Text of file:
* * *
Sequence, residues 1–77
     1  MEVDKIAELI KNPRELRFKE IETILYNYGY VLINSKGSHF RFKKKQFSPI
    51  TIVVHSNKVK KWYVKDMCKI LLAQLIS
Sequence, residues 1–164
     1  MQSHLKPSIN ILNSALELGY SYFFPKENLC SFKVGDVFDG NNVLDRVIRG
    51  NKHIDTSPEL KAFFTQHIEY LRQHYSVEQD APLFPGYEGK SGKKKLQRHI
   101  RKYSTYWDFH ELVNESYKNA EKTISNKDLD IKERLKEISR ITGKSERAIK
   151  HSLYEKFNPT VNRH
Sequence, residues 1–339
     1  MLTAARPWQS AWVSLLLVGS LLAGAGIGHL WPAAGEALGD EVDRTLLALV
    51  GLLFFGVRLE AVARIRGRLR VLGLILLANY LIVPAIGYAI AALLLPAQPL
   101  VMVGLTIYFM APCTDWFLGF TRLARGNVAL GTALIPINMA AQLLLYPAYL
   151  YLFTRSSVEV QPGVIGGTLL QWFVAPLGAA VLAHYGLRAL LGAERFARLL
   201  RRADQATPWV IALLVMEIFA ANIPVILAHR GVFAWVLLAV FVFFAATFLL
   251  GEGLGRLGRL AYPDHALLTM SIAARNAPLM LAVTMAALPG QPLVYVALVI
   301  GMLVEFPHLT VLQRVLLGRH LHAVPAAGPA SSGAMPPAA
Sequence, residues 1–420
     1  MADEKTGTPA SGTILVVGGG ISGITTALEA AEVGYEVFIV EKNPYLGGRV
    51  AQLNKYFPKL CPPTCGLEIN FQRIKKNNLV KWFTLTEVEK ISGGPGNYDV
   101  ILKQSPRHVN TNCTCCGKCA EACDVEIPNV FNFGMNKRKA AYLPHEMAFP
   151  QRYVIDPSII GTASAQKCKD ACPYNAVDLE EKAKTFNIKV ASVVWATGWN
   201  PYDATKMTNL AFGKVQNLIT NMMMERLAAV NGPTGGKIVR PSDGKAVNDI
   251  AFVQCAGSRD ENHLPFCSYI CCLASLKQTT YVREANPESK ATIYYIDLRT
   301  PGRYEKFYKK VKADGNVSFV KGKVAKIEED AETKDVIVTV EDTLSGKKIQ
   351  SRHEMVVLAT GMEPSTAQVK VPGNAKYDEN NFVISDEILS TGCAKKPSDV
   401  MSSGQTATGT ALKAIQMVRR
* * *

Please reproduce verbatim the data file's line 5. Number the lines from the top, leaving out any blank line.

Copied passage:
     1  MQSHLKPSIN ILNSALELGY SYFFPKENLC SFKVGDVFDG NNVLDRVIRG